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Kathleen Wyne 2018 Transcript

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Pape: Hi, this is Joy Pape with Diabetes In Control. We’re at AACE 2018 in Boston and I have the pleasure today to speak with Dr. Kathleen Wyne, just like the wine some of us drink, but most people know her as Kittie. So, Kittie, we’ll just call you that. Now you did Chair at another talk – Reproductive and Endocrinology and Daily Endocrine Practice – and you’ll be moderating today, Horse or Zebra: Unusual Lipid Disorders. But we’re not going to be talking about those today; what we’re going to be talking about is what is near and dear to your heart and what you like to talk about. So, here it goes: Why do you think adult-onset type 1 diabetes is an important topic?


Wyne: So, I think it is really, really important because people don’t realize it exists. Everybody thinks type 1 diabetes is only diagnosed in children. At least 50 percent of type 1 diabetes is diagnosed in adults, and, that diagnosis is usually missed. I cannot tell you how many times I’ve gone into a hospital room, I’ve reviewed the chart, I’ve looked at the pattern of their sugars and I see just this weird variability that I know is type 1. I say to the patient, “How long have you had type 1?” And they say, “Oh no, I don’t have type 1, I have type 2.” And I say, “Why do you say that?” They say, “Well my doctor says I am too old, so it has to be type 2.” And I tell them, “You have type 1 and I will prove it.” But that happens so often and also sometimes patients are proactive, and they come to my clinic, having requested a referral because they say, “I’m 40-years-old, I’ve never been fat, why would I have type 2 diabetes?” Now they might still have type 2 diabetes, maybe they have Asian ancestry where our standards for overweight and obese are lower. But it’s a fair question. The same thing with an obese person who has type 2 who needs very low insulin doses, maybe actually has type 1. So, it does change the way we manage them.

Pape: So, you say that you’re going to prove to them that they have type 1. How do you do that?

Wyne: That’s actually a very good question because most people think you diagnose type 1 by doing a C-peptide and if the C-peptide is undetectable, then by definition, they have type 1. That’s not true. First of all, someone who has had type 2 for many years could have an undetectable C-peptide. Second of all, any time you measure C-peptide, it must have a simultaneous glucose. You need a context. So, this person who is an adult onset type 1, may have a C-peptide that’s reported in the normal range. But if the simultaneous glucose is 410, then it’s inappropriately low which is not what you would see in a newly diagnosed type 2 where it would be inappropriately high. So, first of all, your C-peptide needs to be in a context. Second of all, that alone may not convince you it’s type 1. But what you do is you go ahead, and you draw the antibodies. We now have five antibodies that we use to characterize type 1 diabetes. Not everybody has all five antibodies. Everybody knows the GAD65 antibody, they know the ICA antibody. There’s also IA-2, ZnT8, which is the newest one and stands for Zinc Transporter 8, and there’s also the Insulin Autoantibodies. So, we measure all five of those in all of our newly diagnosed type 1s or suspected type 1s, using them to confirm the diagnosis. There will be an occasional person who is negative for all of those antibodies, so, we believe there are still more antibodies to be found.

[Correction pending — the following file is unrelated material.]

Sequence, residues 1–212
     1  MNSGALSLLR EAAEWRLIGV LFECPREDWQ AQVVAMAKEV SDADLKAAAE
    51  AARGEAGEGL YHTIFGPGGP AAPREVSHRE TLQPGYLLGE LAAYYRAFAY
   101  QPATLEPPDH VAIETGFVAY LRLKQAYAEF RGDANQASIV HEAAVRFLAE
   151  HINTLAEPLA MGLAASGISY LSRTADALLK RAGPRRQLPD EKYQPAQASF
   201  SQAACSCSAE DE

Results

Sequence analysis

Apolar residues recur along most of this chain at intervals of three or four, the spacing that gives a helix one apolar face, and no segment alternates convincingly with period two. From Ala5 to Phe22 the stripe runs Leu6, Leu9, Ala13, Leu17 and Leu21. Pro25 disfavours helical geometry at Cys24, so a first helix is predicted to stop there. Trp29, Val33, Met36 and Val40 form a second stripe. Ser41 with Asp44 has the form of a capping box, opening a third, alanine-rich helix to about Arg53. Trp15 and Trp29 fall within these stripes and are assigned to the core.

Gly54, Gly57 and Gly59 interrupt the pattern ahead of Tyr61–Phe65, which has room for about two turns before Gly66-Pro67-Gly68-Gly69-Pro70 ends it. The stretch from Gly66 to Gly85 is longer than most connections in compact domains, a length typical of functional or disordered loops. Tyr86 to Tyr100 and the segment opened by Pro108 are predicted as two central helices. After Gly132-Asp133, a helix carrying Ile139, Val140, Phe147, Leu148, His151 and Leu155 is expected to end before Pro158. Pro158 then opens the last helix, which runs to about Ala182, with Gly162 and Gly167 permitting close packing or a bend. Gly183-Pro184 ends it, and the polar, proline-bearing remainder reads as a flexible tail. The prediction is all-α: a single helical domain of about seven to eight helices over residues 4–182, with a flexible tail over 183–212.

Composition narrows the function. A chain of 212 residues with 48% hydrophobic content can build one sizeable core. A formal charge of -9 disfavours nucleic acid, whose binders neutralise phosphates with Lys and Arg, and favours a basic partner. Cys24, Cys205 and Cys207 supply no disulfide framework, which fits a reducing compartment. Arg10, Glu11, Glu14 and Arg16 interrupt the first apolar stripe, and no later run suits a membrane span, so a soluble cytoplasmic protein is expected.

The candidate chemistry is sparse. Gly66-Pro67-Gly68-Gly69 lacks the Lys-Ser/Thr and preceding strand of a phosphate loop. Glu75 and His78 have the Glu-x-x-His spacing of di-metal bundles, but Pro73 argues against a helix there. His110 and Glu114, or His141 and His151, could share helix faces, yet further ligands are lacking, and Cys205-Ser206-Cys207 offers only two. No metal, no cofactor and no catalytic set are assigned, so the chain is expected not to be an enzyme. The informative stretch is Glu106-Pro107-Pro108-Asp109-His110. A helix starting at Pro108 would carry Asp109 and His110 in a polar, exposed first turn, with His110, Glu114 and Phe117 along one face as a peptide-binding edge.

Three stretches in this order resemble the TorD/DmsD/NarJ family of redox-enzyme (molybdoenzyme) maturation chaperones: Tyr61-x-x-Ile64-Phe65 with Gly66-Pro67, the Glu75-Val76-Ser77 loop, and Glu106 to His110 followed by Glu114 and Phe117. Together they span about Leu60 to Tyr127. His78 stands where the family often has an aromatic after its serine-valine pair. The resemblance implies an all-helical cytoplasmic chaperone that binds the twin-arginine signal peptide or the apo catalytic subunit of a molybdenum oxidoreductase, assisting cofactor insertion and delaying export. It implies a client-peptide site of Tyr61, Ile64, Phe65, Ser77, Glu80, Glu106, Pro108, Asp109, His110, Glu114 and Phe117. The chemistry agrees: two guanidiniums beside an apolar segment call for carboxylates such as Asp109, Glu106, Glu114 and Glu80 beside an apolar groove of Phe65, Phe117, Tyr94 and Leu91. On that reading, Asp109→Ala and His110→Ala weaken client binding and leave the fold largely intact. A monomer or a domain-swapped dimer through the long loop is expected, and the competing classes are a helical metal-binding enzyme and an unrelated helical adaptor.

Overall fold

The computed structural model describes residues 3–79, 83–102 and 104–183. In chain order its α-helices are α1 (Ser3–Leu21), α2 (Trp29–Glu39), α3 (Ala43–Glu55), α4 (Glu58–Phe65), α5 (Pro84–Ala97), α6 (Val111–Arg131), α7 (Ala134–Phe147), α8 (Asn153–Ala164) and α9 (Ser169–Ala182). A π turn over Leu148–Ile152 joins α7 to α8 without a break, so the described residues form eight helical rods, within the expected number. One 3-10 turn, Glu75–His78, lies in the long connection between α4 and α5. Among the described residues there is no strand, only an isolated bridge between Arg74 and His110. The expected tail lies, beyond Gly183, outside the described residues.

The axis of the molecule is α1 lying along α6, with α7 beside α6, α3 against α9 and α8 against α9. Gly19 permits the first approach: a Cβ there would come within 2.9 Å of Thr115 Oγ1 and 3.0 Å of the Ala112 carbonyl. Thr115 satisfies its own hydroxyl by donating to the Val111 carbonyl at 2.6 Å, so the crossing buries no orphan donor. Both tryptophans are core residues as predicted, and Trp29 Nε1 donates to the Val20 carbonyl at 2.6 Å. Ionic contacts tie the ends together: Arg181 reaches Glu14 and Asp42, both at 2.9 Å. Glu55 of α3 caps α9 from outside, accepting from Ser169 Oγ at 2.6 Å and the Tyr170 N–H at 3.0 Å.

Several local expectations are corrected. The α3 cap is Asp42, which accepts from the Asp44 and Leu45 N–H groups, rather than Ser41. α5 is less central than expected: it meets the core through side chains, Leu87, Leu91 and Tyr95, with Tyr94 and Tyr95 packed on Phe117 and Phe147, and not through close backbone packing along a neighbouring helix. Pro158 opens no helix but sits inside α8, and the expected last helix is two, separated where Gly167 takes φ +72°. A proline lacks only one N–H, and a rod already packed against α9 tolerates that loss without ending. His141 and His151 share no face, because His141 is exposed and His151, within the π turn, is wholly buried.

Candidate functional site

There’s a couple papers in the literature describing a new antibody called, Tetraspanin-7, not commercially available. So far, data suggests some minor antibody, but again, for those antibody-negative people, there’s hope that there are more antibodies coming.

Now when we look at these five antibodies, as I mentioned, not everybody has all five, but I’ve very often, in my adult-onset type 1s, found that their GAD65 negative, ICA negative, so if you had only done the two classic antibodies, you would have said, “Oh you’re type 2, you’re not type 1.” But, they come up positive for IA-2 and ZnT8.

Pape: Very interesting. So, I have a question to ask and I have heard in the literature and what people tell me; When you do the C-peptide and the antibodies, should it be fasting or non-fasting?

Wyne: So, the antibodies do not need to be fasting. Ideally, to be clean, you would want to do the C-peptide in a fasting situation. Here’s the reason why I do it fasting: I’m actually doing the C-peptide, not to make the diagnosis, but in case I need it to qualify them for an insulin pump. To qualify for an insulin pump, the C-peptide must be drawn with a glucose below 225 mg/dl. So, that’s why I am drawing at fasting. I’m hoping that I’ll catch those two, and generally if insurance requires it, it just has to be drawn within six months prior to the application. What that is also telling you is I’m pushing my newly diagnosed patients to pump and CGM as early as possible. This raises the next questions of: Should we be doing that with the newly diagnosed type 1s because many of the adult-onset type 1s have a prolonged honeymoon – they may honeymoon for five years, whereas in the childhood-onset, the classic honeymoon is one to two years. So, maybe they don’t need insulin at first. Maybe they don’t need to go to a pump, but I want that option as early as possible. So, if I am going to measure the C-peptide, I’m going to do it fasting, so it serves that other purpose if I need it.